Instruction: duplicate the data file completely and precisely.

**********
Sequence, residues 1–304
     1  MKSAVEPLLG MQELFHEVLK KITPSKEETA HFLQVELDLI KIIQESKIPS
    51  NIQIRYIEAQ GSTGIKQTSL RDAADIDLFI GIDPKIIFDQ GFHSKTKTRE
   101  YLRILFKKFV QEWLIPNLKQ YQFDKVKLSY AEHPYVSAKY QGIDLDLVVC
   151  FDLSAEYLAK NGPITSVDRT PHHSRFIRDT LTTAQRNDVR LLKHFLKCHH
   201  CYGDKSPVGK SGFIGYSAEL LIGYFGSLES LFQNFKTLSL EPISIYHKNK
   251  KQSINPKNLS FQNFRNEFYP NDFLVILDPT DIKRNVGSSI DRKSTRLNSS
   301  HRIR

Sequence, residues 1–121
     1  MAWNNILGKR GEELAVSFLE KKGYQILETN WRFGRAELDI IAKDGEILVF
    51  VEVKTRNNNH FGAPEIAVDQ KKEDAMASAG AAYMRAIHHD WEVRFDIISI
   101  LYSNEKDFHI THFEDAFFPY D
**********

Sequence, residues 1–304
     1  MKSAVEPLLG MQELFHEVLK KITPSKEETA HFLQVELDLI KIIQESKIPS
    51  NIQIRYIEAQ GSTGIKQTSL RDAADIDLFI GIDPKIIFDQ GFHSKTKTRE
   101  YLRILFKKFV QEWLIPNLKQ YQFDKVKLSY AEHPYVSAKY QGIDLDLVVC
   151  FDLSAEYLAK NGPITSVDRT PHHSRFIRDT LTTAQRNDVR LLKHFLKCHH
   201  CYGDKSPVGK SGFIGYSAEL LIGYFGSLES LFQNFKTLSL EPISIYHKNK
   251  KQSINPKNLS FQNFRNEFYP NDFLVILDPT DIKRNVGSSI DRKSTRLNSS
   301  HRIR

Sequence, residues 1–121
     1  MAWNNILGKR GEELAVSFLE KKGYQILETN WRFGRAELDI IAKDGEILVF
    51  VEVKTRNNNH FGAPEIAVDQ KKEDAMASAG AAYMRAIHHD WEVRFDIISI
   101  LYSNEKDFHI THFEDAFFPY D